Hi Dr Justin
I have a 7 yr old daughter who can be so sweet and kind and helping, and just excellent. At other times she is so naughty. She has no obvious triggers other than being asked to do something which can lead to the mother of all yelling, screaming, stomping, crying tantrums.
I try to stay calm and talk to her. I get her to breath and try to slow down and think but this just does not work. She repeats her self and holds onto me and squeezes me. It’s like she gets stuck in her behaviour.
Her dad and I are separated and it has not been the easiest separation. She lives with me and sees her dad when he has time for her. He does not follow routine with her, and at home she has a good routine that works well for her. I have also just had a baby to my fiancé.
Dr Justin responds:
We wish our children would be stable, consistent, and always charming in their behaviour. We love them so much when they are sweet and kind, and when they offer help willingly. Life is bliss. Then we ask them to do one simple thing and they become a demon-child!
Children typically only behave in challenging ways when they have an unmet need. Often the acronym H.A.L.T.S.S. can be helpful to identify their needs. If our child is Hungry, Angry, Lonely, Tired, Stressed, or Sick then they play up. Sometimes it may not be obvious though, such as when we are being overly controlling, so they become stressed. Or they need our affection because they are feeling lonely or insecure.
Let’s take a look at things from your daughter’s perspective to see if we can understand why her behaviour can seem so difficult.
First, her relationships are a little confusing for her right now. Her dad is not around and appears, from your email, to be relatively unavailable for her. She is biologically wired to connect with him, but he is not there, and as you have mentioned, there is limited consistency between her two homes. This is a regular cause of distress for young children (and even for older children, although they often push such feelings down deep).
In addition, your daughter has gone from being an only child to having a brand new baby to compete for your attention and affection. Children are often afraid that a new baby in the family will replace them. Often their behaviour will be very hard to manage as they see enormous affection being showered on the brand new baby while they get the leftovers. Whether this is reality or not, your daughter’s perception is the key here. If she feels she is being ignored, then she is (whether it is true or not).
Research tells an important and compelling story: children who do not feel strong bonds of connection with their parents struggle emotionally, behaviourally, and even socially and academically. The parent-child relationship is king. If your child is struggling, relationship building is almost always a central factor for improving her wellbeing.
Try the following ideas to improve things with your daughter:
Take note of the amount of interactions you have with her that are all about ‘transactional’ things – getting things done. How often are you giving either correction or direction? What proportion of your interactions are focused on simply being together, chatting, and enjoying one another compared with the time when you’re telling your daughter what to do?
The more time you can spend building the relationship, the more that your daughter will feel safe, secure, connected, and worthy. The more you focus on correction and direction, the less positive your daughter will feel about herself, and your relationship.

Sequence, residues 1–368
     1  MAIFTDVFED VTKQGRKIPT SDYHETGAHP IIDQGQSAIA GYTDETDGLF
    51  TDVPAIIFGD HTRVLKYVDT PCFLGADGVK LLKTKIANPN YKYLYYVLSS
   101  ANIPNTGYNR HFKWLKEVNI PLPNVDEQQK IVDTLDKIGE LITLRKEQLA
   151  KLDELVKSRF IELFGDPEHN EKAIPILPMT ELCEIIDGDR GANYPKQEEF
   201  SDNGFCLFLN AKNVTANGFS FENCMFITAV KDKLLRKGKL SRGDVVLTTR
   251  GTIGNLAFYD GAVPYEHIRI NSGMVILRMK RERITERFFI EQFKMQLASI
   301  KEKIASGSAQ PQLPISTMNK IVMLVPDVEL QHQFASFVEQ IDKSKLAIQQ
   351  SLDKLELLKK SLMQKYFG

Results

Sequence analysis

Adults are easily irritated when their children have tantrums. It is not popular to say it, but adults often have tantrums too. We are supposed to be big enough to control our emotions, but most of us fail dismally with surprising regularity.
Think about what you want when you’re having a big tantrum: do you want someone to get up close and try to make you calm down? When you’re in the middle of a tantrum what is your response to the person who says, “Honey, just breath. Slow down. Calm down and it will be alright”?
Most adults admit that in the midst of their flying rage, someone telling them to calm down is anything but helpful. When we are thoughtful about things, most of us admit we would really like it if someone simply understood and let us know it was ok to be upset. Something about this seems to help us to calm down faster.
When your daughter has her blow-ups, remember she is just little. She is probably hungry or angry or feeling lonely because the baby is getting all of the attention. Perhaps, since she is only 7, she’s just tired at the end of a long day. Spend time showing you get it, and don’t try to stop it or fix it. Just be there.
It’s lovely to be compassionate and kind, but things still need to be done. Once your daughter has calmed down sufficiently to feel safe and talk with you properly, work on the following steps:
- Ask her, “What did I ask you to do?”
- After she tells you, smile and say, “That seems to be a challenge today. It’s made you upset.”
- Wait for her to respond.
- Ask, “Well, what do you think we should do about it now?”
This isn’t a surefire method of getting things done. Nothing is. However, usually if your daughter is calm, you’ll be able to stick to your limits while helping her problem-solve, finding a solution that works for everyone. Sometimes she might just need a hug. Other times she may want your help. Be there and work with her.
In parenting, there are no easy fixes. But we get the best results when we provide a loving and stable home life, ensure our children always feel loved and wanted, and we always listen to them. Investing in the relationship with nurture and guidance seems to be the best way through these challenging parenting problems.